Text analysis in Denmark

As part of Social Media Week Copenhagen Business School (CBS) held an event on Social media analytics: concepts, models, methods and tools (aka #smwcbsdata) on 21 February. I couldn’t go, but made it to Computing feelings: Danish approaches to sentiment analysis on 28 February. Both events are also interesting as examples of Danish academics engaging with the public.

Computing feelings kicked off with a 15 minute keynote from Bernardo Huberman (HP Labs) on #some and the attention economy, which I missed, followed by Anders Søgaard (Center for Sprogteknologi, KU; paper).

The panel Q&A shed some light on Infomedia, who do press scanning for companies, aka media monitoring. Takes me back…they employ 40 students as coders, so from a business perspective it would make sense to automate as much as possible. Broad word/phrase searches can bring up as much as 80% noise (recall vs precision), but they also need to monitor for topics, eg market performance. Can sentiment analysis help? Relevant for factual articles, eg stock rise/fall? Topic extraction can look for new topics coming up, as well as picking up topics which aren’t there (negative keywords), which can also help with the don’t know what you don’t know issue. Infomedia aim for as high a level of accuracy as possible, but is it ever possible to get better then 85% accuracy?

I also missed Dan Hardt’s intro, but I’m guessing it was similar to his #smwcph preso, with an introduction to the two tools and datasets used by the bulk of the six 10 minute presentations:

  • Project #marius –  presented by Chris Zimmerman (@socialbeit | @zimme2cj); see Project #marius and infostorms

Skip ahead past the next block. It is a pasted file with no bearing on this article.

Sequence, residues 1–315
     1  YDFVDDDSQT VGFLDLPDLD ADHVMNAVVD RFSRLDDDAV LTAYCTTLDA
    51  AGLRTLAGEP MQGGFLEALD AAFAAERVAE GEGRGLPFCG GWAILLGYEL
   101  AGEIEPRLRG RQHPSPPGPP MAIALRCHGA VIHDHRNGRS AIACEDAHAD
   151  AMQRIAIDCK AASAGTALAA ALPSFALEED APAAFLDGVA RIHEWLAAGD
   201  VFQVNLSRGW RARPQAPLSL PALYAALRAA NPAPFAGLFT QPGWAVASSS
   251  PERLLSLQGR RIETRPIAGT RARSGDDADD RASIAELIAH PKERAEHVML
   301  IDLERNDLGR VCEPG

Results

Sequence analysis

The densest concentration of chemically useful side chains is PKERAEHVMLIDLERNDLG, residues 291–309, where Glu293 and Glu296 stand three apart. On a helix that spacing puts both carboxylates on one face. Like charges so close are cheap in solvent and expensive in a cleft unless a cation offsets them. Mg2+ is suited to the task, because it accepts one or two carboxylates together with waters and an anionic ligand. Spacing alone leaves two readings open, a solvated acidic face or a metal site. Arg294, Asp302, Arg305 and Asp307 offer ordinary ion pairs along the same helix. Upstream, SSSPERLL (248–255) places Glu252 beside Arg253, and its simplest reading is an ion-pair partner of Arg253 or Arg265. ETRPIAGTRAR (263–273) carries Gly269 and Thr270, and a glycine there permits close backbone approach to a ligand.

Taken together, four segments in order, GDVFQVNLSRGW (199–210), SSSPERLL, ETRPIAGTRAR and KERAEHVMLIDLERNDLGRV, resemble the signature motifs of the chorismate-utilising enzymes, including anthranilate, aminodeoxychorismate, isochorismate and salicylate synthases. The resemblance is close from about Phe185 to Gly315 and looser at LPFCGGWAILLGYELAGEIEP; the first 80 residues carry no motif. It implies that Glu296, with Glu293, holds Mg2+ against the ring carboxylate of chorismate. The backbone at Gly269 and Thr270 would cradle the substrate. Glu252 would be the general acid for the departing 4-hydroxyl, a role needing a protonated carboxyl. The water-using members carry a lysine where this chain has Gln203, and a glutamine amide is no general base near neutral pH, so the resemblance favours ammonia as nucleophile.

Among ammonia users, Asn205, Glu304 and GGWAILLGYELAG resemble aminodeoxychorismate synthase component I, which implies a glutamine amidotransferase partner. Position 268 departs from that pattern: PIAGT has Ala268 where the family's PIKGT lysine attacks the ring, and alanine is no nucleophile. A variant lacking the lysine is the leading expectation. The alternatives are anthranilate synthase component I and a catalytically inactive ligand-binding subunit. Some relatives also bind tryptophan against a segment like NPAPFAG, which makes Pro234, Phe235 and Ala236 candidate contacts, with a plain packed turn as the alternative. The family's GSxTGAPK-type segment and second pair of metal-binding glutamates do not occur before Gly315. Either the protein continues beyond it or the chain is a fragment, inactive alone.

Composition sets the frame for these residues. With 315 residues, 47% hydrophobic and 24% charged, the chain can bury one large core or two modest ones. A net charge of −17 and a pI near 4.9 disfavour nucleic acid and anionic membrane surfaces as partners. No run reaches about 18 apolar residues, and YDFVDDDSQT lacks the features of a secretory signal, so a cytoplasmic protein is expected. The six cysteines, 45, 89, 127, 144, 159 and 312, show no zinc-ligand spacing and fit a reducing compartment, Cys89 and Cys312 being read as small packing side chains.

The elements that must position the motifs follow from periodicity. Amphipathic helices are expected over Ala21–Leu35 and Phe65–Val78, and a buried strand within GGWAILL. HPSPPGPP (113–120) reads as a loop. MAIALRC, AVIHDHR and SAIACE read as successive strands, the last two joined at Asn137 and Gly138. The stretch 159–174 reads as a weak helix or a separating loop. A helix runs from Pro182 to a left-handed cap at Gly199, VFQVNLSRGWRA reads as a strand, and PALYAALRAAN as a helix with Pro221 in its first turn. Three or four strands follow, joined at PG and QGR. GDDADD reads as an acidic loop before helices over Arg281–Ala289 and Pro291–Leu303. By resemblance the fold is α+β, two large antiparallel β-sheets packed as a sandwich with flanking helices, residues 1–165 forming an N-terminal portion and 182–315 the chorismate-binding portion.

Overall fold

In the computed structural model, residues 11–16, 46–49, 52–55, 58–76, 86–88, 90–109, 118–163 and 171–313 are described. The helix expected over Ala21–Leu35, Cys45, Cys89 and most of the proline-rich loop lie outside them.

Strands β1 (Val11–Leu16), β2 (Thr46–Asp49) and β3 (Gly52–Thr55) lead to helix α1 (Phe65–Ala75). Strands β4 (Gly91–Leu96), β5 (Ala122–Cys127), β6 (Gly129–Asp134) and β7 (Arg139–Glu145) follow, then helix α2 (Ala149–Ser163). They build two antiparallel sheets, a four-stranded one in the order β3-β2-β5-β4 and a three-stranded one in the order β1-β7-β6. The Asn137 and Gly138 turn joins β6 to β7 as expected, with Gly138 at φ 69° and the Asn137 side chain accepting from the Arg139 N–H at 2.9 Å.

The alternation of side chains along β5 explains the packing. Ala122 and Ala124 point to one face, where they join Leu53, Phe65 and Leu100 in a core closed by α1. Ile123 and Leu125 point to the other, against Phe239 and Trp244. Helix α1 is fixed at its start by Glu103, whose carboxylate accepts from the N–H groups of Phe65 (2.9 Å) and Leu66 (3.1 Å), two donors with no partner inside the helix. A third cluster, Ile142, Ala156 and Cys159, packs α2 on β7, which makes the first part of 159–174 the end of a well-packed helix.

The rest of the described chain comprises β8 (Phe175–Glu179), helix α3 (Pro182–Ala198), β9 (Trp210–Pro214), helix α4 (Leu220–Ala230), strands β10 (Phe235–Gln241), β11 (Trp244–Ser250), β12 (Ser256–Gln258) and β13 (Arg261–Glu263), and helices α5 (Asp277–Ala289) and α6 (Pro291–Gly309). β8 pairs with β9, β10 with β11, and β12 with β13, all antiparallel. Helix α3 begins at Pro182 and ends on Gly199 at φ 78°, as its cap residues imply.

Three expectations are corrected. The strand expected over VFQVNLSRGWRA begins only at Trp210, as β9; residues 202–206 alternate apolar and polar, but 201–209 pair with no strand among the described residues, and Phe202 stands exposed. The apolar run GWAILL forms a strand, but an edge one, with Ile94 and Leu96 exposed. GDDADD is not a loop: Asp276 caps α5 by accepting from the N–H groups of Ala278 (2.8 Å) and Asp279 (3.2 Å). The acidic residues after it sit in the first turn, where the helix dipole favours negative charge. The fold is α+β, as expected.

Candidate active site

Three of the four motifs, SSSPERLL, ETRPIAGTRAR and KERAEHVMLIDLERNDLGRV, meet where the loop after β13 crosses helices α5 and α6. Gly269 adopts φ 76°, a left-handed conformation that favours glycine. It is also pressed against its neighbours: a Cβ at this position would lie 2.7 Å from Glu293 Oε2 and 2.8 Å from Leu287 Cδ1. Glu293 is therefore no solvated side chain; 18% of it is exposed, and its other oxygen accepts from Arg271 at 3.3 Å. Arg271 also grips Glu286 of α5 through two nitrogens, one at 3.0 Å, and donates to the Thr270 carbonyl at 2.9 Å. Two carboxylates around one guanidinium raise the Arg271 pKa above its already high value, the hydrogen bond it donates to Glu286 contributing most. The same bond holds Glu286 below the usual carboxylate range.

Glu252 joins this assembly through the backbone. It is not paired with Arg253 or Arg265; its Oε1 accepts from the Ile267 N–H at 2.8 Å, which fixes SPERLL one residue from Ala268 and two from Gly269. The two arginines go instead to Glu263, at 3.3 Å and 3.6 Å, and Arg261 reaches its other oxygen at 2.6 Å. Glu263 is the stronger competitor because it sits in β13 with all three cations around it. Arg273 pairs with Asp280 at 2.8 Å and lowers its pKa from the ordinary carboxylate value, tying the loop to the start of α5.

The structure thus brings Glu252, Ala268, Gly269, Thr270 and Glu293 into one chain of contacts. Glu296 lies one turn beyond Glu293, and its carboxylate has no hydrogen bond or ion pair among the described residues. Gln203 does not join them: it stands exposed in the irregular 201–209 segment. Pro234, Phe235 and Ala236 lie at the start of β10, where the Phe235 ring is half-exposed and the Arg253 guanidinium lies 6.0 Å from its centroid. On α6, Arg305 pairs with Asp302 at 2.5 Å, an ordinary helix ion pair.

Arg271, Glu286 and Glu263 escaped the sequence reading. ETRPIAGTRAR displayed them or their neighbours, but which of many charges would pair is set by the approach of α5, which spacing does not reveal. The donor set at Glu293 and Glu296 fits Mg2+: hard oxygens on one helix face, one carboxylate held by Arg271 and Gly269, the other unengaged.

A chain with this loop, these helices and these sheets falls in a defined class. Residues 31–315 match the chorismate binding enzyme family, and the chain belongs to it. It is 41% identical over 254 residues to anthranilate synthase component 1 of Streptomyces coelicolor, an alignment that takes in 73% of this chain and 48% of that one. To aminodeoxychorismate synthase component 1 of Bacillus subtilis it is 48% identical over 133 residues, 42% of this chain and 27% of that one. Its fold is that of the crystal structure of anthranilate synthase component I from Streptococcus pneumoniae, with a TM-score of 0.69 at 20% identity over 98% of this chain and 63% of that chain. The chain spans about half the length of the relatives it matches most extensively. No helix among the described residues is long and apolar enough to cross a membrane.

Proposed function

• Ensemble classifiers – René Madsen (Infomedia) & Niels Buus Lassen (Evalua) on combining classifier algorithms by embedding, running in parallel or as a chain, with the aim of improving recall and precision; if you know your domain you can train algorithms to perform really well; looked at Trustpilot reviews; presented on predictive modelling (preso) at #smwcph, see article
  • From simple to more advanced sentiment lexicon approach – Anders Boje Larsen (@anders_boje) uses a sentiment lexicon approach – human judgement, not machine learning (qv Dan’s slides); words indexed/tagged from +5 to -5 and then run on text; 7K words indexed, now created dictionaries for decrementers and incrementers, invertors, stop words, increases accuracy; see article and Sociallytic tool
  • three presos on domain adaptation, ie using a classifier trained in one domain on another; Unigram bag of words model, ie all the words, then find top 10 features per class (ie top 10 words for positive, negative, neutral); 1-gram vs 3-gram, ie n-grams; f-score results; movie reviews (Scope, 60% neutral) different from company reviews (Trustpilot, 80% positive); create a vector from features, a string of 1s and 0s; logistic regression classifier; domain specific features, cf self driving car and a ditch –> Infomedia needs client specific algorithms for each domain

The limitations of sentiment analysis:

  • classifying text as positive, negative or neutral is not an exact science, plus doesn’t include sarcasm, emotional state etc (may end up as neutral by default)
  • DK parsers not there yet – POS analysis OK, semantic stuff lacking
  • 90% accuracy possible for both Danish and English – but how do you find and determine accuracy?
  • systems could usefully create a flag for “hooman needs to look at this”
  • linguistical challenges include negation, intensifiers, irony
  • sentences with attitude verbs, modals, helping verbals are difficult to parse
  • modal sentences could be removed as they are not reality anyway…
  • cf not – changes meaning!

The events were mastermind by the CBS Competitiveness Platform (@CBSCompete | Facebook), who held a similar ‘open’ event last year (Workshop on big data and language technology), with the Dept of IT Management’s Dan Hardt and Ravi Vatrapu.

Some local cases:


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